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What Does An Accountant Actually Do?

An accountant is a financial doctor that assesses a company or an individual’s fiscal well-being. Profit and loss are both assessed by an accountant, as an indicator of how successful an individual or company is financially.

Accountants specialise in maths, accounting, law, and finance. They can be employed in house, and conduct internal audits, or they can be outsourced for external accountancy.

Investors call upon the service of accountants to get an overview of how well a client is doing. A responsibility often assigned to accountants is an annual report.

Their aim is to maximise profitability, and they come from all sorts of backgrounds: public practice firms, industry and commerce, as well as non-profit public sectors. They can analyse potential risk in company systems, to avoid a financial disaster.

One of their services includes maintaining client accounts, and effectively bookkeeping. Managers read accountant reports, rather than crunching the numbers themselves.

Fraud: To outsource accountants is a way of determining if a company is following the law. This is called an ‘audit’ and an accountant balances the numbers between receipts, invoices, purchase orders, and other financial documents.

Advice: The financial world can get complicated. An account is trained to give advice, and help their client keep as much money as possible, when faced with tax laws and other governmental sanctions.

Payroll: An employee’s favourite part of the job: the pay cheque. This is calculated by accountants, as well as retirement, holiday, and sick wages.

Payments: All business cheques go through the accountancy department. They are verified and checked before being forwarded to the business executives who can authorise and sign payments. Details of these outgoings are carefully recorded for file.

Responsibility: If an accountant fails to communicate the right information, or makes a misjudgement in fiscal advice, it can have severe financial ramifications. At worst, it could completely sink a company.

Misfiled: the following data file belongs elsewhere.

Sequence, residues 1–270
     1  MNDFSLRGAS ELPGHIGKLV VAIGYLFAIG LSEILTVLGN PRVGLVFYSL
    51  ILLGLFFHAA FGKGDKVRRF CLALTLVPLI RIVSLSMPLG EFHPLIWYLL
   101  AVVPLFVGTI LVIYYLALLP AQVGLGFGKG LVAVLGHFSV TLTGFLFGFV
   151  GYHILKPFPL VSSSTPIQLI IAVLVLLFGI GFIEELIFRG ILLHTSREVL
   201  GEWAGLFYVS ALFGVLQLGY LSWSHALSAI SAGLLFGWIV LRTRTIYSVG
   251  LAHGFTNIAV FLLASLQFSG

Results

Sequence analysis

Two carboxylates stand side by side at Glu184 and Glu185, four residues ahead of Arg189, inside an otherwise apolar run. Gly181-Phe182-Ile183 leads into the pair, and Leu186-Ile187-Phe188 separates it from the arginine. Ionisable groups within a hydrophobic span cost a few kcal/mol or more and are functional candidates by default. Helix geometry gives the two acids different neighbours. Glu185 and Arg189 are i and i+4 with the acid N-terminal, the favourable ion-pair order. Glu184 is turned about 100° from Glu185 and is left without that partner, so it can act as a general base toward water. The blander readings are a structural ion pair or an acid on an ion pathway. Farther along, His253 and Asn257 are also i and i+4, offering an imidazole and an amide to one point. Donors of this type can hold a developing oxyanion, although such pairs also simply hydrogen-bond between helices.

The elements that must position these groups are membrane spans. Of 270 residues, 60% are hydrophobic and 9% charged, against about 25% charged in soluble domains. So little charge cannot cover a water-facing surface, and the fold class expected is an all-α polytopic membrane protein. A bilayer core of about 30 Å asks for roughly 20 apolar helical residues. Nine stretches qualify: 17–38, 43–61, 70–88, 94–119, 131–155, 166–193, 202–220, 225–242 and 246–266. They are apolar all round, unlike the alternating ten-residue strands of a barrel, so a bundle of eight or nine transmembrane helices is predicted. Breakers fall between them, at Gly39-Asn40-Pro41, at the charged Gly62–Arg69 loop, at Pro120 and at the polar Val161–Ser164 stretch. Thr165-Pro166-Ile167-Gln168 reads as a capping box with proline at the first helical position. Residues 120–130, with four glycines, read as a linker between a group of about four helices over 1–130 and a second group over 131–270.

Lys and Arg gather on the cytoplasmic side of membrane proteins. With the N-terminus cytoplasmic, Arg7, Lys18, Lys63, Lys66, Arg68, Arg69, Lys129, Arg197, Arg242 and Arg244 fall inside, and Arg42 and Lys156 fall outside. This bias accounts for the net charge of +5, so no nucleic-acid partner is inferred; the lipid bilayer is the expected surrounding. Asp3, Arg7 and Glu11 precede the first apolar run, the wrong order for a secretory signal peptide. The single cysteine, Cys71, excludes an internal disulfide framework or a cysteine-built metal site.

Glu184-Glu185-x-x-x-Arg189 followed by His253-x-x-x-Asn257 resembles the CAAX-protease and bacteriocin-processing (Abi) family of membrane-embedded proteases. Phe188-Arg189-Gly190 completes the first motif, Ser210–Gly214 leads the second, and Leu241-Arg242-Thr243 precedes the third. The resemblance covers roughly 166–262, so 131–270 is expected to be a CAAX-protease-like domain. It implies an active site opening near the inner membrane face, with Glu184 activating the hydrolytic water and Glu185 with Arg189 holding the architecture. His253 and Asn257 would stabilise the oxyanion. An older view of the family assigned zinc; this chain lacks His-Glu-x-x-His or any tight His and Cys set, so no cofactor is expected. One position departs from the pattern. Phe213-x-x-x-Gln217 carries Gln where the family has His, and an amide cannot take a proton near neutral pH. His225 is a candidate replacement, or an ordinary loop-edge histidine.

A new business or individual may not know their way around complex government laws and sanctions; often, they are completely in their accountant’s hands.

An accountant needs to know their law inside and out, so that a company complies entirely with regulations and pays their taxes. They also need to keep up to date with any changes to the financial system.

Technology: For small businesses, software applications and tools can meet their company’s needs. An accountant will be aware of what technology will get the best out of your business and advise on how best to network online.
Different Types of Accountant: Yes, there is more than one kind!

 A management accountant protects businesses by delivering financial information to those in senior roles.  They look to the financial future of the company, and forecast how profitable the business will be in coming years.

Depending on the kind of management role, they might also offer solutions to financial difficulties or suggest how best to optimise profits.

Forensic accountants solve the financial mysteries of a company. They analyse data and book-crunch, in order to ascertain if a business is being fraudulent or offending the law.

This guest post was written on behalf of Brookson accountants for contractors, by Francesca a blogger from the UK who is interested in finances and money management.

Peter Christopher

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